Aubrey McClendon, who died suddenly on Wednesday, was considered an ambitious risk-taker, a dreamer, at times reckless and shrewd, but there is no denying that for a time, as the chief architect of Chesapeake Energy Corp., he was the King of Shale, overseeing the largest store of natural gas leaseholds in the country.

But there was another side to the lanky energy titan, who is being remembered for his countless contributions to his beloved hometown, Oklahoma City.

McClendon, 56, was killed Wednesday in a one-vehicle accident one day after he was indicted by the U.S. Department of Justice for allegedly rigging bids to buy leases in northwest Oklahoma (see Shale Daily, March 2a; March 2b). An investigation into the accident’s cause continues, as does an outpouring from admirers and colleagues.

The Wall Street Journal‘s Gregory Zuckerman talked about McClendon’s legacy on Friday. Three years ago Zuckerman wrote the bestseller, The Frackers: The Outrageous Inside Story of the New Billionaire Wildcatters, about how the onshore energy revolution unfolded (see Shale Daily, Nov. 5, 2013). He interviewed dozens of top industry leaders, including the late George Mitchell, credited with successfully combining hydraulic fracturing and horizontal drilling to unearth commercial natural gas from the Barnett Shale. McClendon and Chesapeake co-founder Tom Ward, who went on to form SandRidge Energy Co., were considered instrumental to the industry’s growth, Zuckerman told NGI‘s Shale Daily.

“No one believed in the potential and possibilities of this country more than Aubrey, and there may be no one more responsible for the American energy renaissance,” he said. “He and Tom Ward were among the first to realize George Mitchell was on to something, and that shale formations all over the country could produce huge amounts of gas, even as the experts and all the majors scoffed.

“Corporate governance wasn’t exactly his strong suit, and Chesapeake shareholders are suffering from the debt he piled on. But over the course of his career, he did deliver good returns for shareholders and will be remembered as a key architect of the country’s remarkable surge in energy production, which is pressuring Russia, Iran, the Saudis and others we once depended on.”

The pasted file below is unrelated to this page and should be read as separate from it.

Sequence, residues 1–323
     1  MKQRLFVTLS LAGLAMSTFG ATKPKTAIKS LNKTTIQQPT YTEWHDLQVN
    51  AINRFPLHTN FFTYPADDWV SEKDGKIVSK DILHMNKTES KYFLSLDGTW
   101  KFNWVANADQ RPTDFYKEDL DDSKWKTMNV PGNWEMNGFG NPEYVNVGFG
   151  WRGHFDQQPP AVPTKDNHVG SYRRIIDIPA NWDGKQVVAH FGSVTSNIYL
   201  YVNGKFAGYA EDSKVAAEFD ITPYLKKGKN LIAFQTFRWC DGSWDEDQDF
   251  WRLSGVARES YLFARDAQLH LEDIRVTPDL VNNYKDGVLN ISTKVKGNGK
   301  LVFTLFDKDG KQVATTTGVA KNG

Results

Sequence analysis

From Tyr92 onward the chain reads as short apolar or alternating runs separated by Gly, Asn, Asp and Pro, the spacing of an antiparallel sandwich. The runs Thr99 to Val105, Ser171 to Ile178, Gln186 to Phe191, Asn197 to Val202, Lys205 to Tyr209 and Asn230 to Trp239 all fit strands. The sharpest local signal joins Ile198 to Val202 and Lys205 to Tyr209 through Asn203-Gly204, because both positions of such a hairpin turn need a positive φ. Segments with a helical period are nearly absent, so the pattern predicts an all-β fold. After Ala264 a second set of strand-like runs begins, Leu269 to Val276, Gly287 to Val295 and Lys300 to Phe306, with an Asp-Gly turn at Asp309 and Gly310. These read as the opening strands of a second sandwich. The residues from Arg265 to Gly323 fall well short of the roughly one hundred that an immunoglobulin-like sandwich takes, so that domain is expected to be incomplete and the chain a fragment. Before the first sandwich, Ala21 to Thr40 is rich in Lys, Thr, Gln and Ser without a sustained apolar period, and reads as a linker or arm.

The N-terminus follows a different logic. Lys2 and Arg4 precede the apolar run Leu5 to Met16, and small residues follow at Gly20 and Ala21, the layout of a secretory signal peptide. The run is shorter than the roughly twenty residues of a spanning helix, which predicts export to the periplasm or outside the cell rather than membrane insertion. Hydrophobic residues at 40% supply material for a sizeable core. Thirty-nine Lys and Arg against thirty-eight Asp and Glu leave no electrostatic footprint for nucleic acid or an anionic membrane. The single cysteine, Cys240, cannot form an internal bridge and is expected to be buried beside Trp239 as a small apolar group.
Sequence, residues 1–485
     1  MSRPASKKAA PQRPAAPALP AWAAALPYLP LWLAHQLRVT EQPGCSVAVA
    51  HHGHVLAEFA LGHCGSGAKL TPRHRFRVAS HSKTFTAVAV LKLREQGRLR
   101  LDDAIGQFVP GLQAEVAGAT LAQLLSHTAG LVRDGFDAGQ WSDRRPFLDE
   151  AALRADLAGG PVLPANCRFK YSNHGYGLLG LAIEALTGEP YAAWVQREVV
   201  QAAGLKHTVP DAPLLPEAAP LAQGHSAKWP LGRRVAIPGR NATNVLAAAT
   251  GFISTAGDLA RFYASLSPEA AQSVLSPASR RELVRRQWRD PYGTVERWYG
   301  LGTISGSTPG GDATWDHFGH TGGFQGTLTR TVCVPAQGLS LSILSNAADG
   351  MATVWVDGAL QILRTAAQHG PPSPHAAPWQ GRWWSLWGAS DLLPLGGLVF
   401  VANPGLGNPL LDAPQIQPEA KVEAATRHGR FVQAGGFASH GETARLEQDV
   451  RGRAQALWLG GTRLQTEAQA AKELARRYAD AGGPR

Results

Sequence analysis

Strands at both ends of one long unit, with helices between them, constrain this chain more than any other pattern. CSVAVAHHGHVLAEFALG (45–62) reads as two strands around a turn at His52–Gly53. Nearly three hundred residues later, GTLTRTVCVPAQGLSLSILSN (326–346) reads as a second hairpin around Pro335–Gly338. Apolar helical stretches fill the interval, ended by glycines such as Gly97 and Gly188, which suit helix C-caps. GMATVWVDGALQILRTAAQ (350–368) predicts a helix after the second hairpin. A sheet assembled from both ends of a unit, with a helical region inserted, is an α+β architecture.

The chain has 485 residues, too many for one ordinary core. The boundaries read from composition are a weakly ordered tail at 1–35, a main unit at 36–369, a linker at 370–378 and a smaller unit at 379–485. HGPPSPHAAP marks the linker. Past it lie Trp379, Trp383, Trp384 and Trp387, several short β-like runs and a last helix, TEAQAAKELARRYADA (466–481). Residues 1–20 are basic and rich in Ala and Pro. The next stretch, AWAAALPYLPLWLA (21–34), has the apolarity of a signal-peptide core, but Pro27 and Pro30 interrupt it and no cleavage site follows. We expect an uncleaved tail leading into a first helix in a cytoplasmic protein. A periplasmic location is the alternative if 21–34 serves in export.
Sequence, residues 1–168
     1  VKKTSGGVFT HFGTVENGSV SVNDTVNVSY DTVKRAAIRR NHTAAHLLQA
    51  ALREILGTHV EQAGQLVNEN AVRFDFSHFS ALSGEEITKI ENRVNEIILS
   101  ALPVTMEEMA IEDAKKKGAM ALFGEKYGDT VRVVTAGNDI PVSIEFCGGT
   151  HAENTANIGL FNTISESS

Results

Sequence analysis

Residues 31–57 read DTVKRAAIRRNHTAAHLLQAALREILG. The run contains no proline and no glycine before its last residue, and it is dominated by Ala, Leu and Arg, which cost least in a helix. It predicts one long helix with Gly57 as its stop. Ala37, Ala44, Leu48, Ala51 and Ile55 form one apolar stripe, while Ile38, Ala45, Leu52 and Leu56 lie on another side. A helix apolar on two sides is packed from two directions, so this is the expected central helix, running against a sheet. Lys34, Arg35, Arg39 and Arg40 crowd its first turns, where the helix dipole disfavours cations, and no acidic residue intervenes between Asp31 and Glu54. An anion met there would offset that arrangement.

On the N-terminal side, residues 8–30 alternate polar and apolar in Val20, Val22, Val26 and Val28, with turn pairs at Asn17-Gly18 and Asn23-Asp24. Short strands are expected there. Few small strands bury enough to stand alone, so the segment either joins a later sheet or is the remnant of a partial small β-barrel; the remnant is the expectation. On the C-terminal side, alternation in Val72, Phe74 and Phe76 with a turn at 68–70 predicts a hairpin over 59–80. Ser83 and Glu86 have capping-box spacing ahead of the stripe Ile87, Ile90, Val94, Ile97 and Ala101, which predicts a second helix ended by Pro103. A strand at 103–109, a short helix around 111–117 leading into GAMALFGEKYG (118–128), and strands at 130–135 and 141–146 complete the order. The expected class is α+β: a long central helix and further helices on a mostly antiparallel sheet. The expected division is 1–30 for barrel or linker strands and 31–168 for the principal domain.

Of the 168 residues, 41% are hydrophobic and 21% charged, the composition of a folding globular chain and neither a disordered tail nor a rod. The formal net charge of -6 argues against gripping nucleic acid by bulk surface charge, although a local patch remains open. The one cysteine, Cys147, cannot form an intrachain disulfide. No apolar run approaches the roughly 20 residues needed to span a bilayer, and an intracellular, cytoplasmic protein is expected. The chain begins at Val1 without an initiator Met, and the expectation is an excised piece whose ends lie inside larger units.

Energy analysts were stunned by McClendon’s death, “one of our generation’s notable visionaries and pioneers,” said Tudor, Pickering, Holt & Co. (TPH).

“It often takes tragedy to jolt us into perspective on what is important in life…the people and relationships that shape it…Aubrey crossed paths with many of us at TPH over many years and we fondly remember him with these words — moneymaker, controversial, visionary, risk-taker, pioneer, wildcatter, force of nature, fearless, indomitable, cajoling, opinionated, one-of a-kind. Those traits also made his successes and stumbles larger than life.

“Aubrey was not only passionate about energy but was a champion of public service, philanthropy and good works. His was an uncommonly sharp and active mind, fueled by boundless intellectual curiosity. Aubrey’s complex and interesting persona added intrigue and fun to our day-to-day professional lives. Our thoughts and prayers go out to the McClendon family and his numerous friends and associates. We will miss his presence on the global energy stage.”

Oklahoma leaders and Oklahoma City residents reflected on McClendon’s impact, a job-creator who was instrumental in helping to make over the city — and the country.

The editorial board of Oklahoma City’s The Oklahoman, said McClendon “may have had his critics,” in part because of his “undeniable success in a tough energy industry. He understood that and never sweated it. He was too busy working to make his companies, and his city, better.” He was “instrumental in transforming Oklahoma City into the thriving community it is today. His positive impact will last for years, long after the headlines of this week are forgotten…

“Throughout his professional life, McClendon was a disruptive force for change. And that disruption, more often than not, was to the benefit of Oklahoma City. For that, we owe McClendon our enduring gratitude and sympathies to his cherished family.”

McClendon’s prowess in making over the U.S. energy industry will be everlasting, but Oklahoma City also lays claim to being positively transformed by his enthusiasm and largess. He often could be seen cheering courtside for the Oklahoma Thunder, a basketball team he was instrumental in bringing to town and which he co-owned. He also was behind the scenes in bringing top eateries to the city and is credited with rebuilding the neglected downtown and waterfront area. He helped to create, among other things, the renowned OKC Boathouse Foundation and Boathouse District.